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Drug markets are evolving at unprecedented speed. The range of substances and combinations available to users has never been wider, and the amounts produced have never been greater. Cultivation and manufacturing of heroin and cocaine have reached record highs, synthetic drugs continue to expand, and the market for new psychoactive substances (NPS) remains widely diversified with a growing interplay with traditional drug markets. The non-medical use of regulated prescription drugs (either diverted from licit channels or illicitly manufactured) is becoming a major threat: in addition to the ongoing opioid epidemic in North America, there are signs of an opioid epidemic due to the non-medical use of tramadol in North and sub Saharan Africa, as well as in the Middle East. Drug-related deaths are on the rise. At the same time, access to controlled drugs for medical purposes remains a dramatic problem in most low and middle-income countries.
Find HIV data on HIV epidemic update, epidemic update, HIV testing and counseling, Sexually Transmitted Infections (STIs), Prevention of Mother to Child Transmission (PMTCT), HIV Care and Antiretroviral Therapy (ART) Services and key populations.
Between 2010 and 2016, Asia and the Pacific registered one of the steepest declines in HIV infecti ons globally, with prevalence rates dropping by approximately 13%. Despite this overall reduction, HIV prevalence among people who inject drugs in Southeast Asia remains among the world’s highest. Regionally, seven of the ten countries with the highest rates of HIV among people who inject drugs are member states of the Association of Southeast Asian Nations (ASEAN).
This paper offers a brief analysis of these two challenges in light of current policies and practices, along with recommendati ons for overcoming them to ensure the implementati on of a drug treatment system that can result in improved health and human rights outcomes for people who use drugs and people dependant on drugs.
The document sets out the changes we want to achieve for people who use drugs, the responses we will make to achieve these changes, the desired outcomes, and the preconditions that need to be in place for the changes to occur.
The fact sheets provide information on facts and numbers of people who use drugs at a glance, challenges and vulnerabilities as well as HIV prevention, treatment in infographics.
Nearly a quarter of the world’s new HCV infections occur among people who inject drugs (PWID): lack of access to sterile needles, syringes and other injection equipment renders them highly vulnerable to HCV. Legal and structural barriers also greatly increase HCV risk among PWID. Worldwide, more than 50% of the 15.6 million PWID are HCV antibody positive. Without urgent, strategic and measurable action that includes PWID, HCV will continue to inflict a staggering, and increasing, burden of preventable illness and death among families, communities and countries.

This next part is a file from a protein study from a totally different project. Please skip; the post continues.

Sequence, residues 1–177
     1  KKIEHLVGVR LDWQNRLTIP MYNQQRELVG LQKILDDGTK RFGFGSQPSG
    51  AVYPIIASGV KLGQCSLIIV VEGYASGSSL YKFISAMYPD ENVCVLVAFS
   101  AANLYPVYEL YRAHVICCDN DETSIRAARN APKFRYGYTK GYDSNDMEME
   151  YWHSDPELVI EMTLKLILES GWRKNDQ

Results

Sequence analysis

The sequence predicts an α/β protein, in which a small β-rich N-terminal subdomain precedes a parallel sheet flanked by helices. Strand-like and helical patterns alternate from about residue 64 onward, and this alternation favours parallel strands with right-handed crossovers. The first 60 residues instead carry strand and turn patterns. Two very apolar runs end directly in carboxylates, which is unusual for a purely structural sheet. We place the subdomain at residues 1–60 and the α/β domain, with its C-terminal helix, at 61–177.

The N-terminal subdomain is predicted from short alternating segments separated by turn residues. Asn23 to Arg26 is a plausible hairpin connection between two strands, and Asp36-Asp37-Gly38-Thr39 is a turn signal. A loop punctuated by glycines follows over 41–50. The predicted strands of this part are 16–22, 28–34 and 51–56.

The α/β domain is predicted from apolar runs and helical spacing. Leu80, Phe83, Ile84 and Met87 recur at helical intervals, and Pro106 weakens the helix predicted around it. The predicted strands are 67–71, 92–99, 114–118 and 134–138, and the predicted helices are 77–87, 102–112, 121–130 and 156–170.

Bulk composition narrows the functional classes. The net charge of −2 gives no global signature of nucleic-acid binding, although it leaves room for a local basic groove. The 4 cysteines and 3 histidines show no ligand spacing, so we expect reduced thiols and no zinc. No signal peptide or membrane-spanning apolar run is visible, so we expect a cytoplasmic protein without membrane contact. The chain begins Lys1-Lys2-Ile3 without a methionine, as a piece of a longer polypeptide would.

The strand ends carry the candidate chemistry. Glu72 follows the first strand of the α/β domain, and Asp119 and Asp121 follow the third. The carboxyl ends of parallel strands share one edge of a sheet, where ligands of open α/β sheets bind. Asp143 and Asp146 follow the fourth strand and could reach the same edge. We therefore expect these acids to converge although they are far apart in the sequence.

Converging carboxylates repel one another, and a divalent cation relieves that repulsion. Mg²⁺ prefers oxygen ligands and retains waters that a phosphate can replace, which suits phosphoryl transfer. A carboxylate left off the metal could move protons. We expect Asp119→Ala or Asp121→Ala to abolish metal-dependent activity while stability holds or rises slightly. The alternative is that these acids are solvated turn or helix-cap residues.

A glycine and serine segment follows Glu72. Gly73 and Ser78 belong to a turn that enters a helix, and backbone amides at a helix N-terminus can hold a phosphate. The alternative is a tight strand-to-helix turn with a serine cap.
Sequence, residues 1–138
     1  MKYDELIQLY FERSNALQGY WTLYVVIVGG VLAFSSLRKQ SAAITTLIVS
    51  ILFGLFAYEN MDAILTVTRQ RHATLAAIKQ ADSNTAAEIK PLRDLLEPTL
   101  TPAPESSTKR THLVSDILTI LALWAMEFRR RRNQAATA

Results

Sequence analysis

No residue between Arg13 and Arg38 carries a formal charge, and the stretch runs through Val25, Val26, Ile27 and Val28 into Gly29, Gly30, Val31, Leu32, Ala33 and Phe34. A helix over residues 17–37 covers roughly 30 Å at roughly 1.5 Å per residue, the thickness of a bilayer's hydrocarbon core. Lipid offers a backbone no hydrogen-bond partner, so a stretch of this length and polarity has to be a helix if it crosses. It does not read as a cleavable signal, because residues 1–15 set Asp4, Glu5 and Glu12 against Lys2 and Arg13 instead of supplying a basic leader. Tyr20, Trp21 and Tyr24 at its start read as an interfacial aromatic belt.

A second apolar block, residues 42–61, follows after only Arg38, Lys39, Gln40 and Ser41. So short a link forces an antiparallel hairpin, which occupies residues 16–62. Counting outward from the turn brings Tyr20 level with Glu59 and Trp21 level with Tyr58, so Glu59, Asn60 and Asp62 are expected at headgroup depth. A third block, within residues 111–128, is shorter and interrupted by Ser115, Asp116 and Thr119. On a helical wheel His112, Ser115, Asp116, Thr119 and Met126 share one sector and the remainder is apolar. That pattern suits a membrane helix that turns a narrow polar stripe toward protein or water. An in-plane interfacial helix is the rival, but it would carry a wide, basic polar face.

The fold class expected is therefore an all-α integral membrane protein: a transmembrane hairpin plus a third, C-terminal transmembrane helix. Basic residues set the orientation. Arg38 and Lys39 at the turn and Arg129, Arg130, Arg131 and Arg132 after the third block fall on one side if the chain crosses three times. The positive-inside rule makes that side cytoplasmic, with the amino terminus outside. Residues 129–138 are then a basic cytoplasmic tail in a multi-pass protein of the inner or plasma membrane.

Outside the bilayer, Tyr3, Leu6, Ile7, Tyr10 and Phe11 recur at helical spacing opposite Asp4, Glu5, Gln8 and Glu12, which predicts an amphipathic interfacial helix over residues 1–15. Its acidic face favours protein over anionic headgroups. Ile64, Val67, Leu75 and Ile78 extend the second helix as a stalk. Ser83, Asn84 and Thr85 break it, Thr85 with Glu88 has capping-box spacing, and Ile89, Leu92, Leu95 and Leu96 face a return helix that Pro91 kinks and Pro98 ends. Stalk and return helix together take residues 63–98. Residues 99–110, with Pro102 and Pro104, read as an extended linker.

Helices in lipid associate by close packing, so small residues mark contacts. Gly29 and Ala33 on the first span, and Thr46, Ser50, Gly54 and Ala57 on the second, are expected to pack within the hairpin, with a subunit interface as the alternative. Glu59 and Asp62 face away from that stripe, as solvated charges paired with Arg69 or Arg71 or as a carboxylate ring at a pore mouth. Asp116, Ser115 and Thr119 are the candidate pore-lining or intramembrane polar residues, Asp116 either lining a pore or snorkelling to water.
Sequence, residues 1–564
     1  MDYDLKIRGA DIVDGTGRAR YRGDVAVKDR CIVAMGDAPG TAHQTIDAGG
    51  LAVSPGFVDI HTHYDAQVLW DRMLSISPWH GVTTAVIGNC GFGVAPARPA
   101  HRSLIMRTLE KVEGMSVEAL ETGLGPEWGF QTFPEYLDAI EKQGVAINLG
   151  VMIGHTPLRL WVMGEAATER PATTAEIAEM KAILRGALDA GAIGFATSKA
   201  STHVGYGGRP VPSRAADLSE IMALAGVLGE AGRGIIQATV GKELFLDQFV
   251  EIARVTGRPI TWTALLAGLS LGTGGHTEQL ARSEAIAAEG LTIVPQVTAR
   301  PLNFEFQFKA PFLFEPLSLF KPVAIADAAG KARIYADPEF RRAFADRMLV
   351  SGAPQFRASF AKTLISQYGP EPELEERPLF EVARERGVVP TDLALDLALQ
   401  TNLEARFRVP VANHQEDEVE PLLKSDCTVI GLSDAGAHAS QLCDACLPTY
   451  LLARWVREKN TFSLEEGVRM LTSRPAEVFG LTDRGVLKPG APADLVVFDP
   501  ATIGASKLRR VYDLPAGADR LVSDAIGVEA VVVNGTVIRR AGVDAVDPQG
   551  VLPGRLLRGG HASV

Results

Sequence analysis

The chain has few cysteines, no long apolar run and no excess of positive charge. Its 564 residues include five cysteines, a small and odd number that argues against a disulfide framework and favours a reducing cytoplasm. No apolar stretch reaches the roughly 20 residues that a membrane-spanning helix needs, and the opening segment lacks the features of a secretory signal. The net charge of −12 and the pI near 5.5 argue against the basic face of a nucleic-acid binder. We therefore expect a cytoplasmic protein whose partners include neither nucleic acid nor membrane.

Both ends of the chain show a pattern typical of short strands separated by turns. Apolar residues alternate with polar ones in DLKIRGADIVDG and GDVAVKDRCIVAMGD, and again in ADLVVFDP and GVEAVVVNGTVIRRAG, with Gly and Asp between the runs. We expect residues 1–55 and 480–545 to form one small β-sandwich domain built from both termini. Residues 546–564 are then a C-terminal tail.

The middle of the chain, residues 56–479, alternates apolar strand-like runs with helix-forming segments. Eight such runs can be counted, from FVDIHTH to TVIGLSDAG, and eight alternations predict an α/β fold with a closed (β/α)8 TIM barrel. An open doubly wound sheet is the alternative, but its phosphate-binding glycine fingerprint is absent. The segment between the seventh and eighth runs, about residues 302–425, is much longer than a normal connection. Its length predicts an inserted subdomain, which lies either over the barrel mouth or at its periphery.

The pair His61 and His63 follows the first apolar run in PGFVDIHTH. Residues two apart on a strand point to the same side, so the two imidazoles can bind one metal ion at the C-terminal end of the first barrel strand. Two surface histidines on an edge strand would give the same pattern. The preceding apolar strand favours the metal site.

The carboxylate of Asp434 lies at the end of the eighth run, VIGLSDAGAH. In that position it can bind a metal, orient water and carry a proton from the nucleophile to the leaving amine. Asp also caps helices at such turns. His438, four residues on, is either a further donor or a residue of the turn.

In Hong Kong, the number of HIV cases transmitted through injecting drug use (IDU) has remained low up till now and contributed to less than 5% of all reported cases cumulatively. However, the potential risk of cluster outbreak and rapid upsurge of infection among the IDU population is always a concern. To monitor HIV-related risk behaviours and access to HIV testing services among IDU, this population has been included as one of the four at-risk populations in the HIV/AIDS Response Indicator Survey (HARiS) implemented since 2013. The fifth round of survey was conducted in 2017 via commissioning to the Stanley Ho Centre for Emerging Infectious Disease, School of Public Health and Primary Care of the Chinese University of Hong Kong.
The number of countries providing harm reduction interventions to prevent drug-related death, HIV and hepatitis C has stalled since 2016, according to a new report today from Harm Reduction International (HRI). Of the estimated 15.6 million people who inject drugs worldwide, over half live with hepatitis C, and nearly 1 in 5 live with HIV.
The report, The Global State of Harm Reduction 2018, is the most comprehensive independent analysis to date on harm reduction policy and practice around the world. It reveals that just 86 countries provide needle and syringe programmes (NSP), despite injecting drug use being present in 179 countries. This marks a fall from 90 countries in 2016, with NSPs cut in Bulgaria, Laos and the Philippines.
History has shown us that civil society that is empowered and informed is fundamental for fighting inequality, injustice and spearheading transformative social change. Civil society actors hold a mirror up to governments, reflecting back to them the real impact of policy decisions on people and communities. The watchdog role of civil society in being vigilant in policy formulation, implementation and evaluation cannot be underestimated if the interests of society’s most marginalised are to be central to decision making processes. The IDPC Secretariat remains deeply committed to our core mandate and will continue to work alongside our members and partners to fight for civil society space in drug policy forums at the national, regional and UN levels.